Luxurious Hot Pot

Luxurious Hot Pot

Learn about the versatility of Japanese hot pots and get inspired to create a luxurious seafood hot pot with delicate broth. The article includes details on ingredients, cooking process, and upcoming hot pot cooking master class event in NYC at Matsuri restaurant hosted by Tadashi and coauthor. Also, discover a new book about Bhutan cuisine by Lisa Napoli, 'Radio Shangri-La'.

Here's why I'm such a huge fan of Japanese hot pots: They're so incredibly versatile -- whip them up for a quick family meal, or transform them into an elaborate feast. Case in point, last night's luxurious procession pictured above, complete with two bottles of Tattinger. Fancy. My wife, pals and I gathered around the hot pot to celebrate the publication of my dear friend Lisa Napoli's fantastic new book about Bhutan (Radio Shangri-La -- you gotta read it!). I wanted to make a seafood hot pot with a delicate broth. Here's what I did:

For the broth, I simply stuck a six-inch piece of kombu in a pot of water and let it stand for an hour. While the kombu was infusing the water, I arranged on platters five kinds of mushrooms (shiitake, enoki, oyster, maitake, and shimeji), five kinds of seafood (fillet of cod, head-on giant shrimp, scallops, clams and freshly shucked oysters), napa cabbage, Japanese negi long onions, "broiled" tofu, shungiku greens, and itokonnyaku noodles. I placed my portable burner on the dining table with my hot pot on top, arrayed the platters around it, and added the kombu-infused water. I brought out ponzu and yuzu kosho for accents. We all took our seats, and I started things off by adding napa cabbage to the bottom of the hot pot, and other ingredients on top, in separate neat bunches. I covered, and cooked. When it was ready, we served the ingredients and broth ourselves, accenting with ponzu and fiery yuzu kosho, to taste. We continued eating in leisurely rounds, sipping champagne, my guests and I adding more ingredients (and kombu water) to the amazing broth, at will. Lovely evening! And as an added bonus: I used left-over broth today for udon with poached egg. Delicious. (Never discard that amazing broth!)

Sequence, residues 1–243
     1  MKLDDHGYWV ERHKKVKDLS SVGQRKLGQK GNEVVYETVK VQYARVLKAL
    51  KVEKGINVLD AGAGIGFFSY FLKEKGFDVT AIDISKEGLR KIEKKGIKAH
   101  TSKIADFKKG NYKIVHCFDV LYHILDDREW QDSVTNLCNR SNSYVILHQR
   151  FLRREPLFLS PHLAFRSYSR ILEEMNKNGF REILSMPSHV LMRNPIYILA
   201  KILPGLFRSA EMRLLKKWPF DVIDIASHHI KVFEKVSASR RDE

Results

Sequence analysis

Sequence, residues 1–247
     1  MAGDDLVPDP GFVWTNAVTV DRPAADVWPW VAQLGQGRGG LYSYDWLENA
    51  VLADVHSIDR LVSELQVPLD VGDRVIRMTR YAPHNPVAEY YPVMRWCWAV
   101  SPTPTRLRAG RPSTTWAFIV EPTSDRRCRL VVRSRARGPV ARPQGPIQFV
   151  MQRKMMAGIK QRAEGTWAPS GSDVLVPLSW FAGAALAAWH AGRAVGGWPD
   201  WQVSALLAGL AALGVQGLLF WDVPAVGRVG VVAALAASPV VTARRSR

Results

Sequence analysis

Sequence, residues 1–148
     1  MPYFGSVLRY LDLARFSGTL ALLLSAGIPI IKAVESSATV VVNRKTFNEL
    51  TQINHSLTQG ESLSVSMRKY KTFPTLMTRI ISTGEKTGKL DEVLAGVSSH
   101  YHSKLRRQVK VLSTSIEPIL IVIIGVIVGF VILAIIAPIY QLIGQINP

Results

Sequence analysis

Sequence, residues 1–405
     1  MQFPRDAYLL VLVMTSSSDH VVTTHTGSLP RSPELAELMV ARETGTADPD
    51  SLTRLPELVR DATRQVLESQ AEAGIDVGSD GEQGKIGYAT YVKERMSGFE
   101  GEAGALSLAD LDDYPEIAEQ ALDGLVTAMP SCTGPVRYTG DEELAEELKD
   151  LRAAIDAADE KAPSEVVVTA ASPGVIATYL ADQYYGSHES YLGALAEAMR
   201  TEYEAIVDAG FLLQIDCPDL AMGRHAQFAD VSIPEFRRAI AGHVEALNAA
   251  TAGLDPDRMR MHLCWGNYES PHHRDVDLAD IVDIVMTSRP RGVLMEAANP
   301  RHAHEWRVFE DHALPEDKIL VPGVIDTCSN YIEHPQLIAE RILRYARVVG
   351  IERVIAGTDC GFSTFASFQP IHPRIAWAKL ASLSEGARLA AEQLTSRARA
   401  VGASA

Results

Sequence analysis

Quick reminder: My pal and coauthor Tadashi and I are holding a master class in hot pot cooking next week at Tadashi's restaurant Matsuri in NYC. There are still a few seats left! To sign up, click here.